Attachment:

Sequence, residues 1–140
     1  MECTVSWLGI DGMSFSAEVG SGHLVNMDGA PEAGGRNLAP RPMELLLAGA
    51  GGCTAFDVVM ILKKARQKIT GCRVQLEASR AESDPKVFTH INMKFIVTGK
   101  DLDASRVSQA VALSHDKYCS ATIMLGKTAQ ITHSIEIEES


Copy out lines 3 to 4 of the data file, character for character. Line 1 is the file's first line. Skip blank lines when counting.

    51  GGCTAFDVVM ILKKARQKIT GCRVQLEASR AESDPKVFTH INMKFIVTGK
   101  DLDASRVSQA VALSHDKYCS ATIMLGKTAQ ITHSIEIEES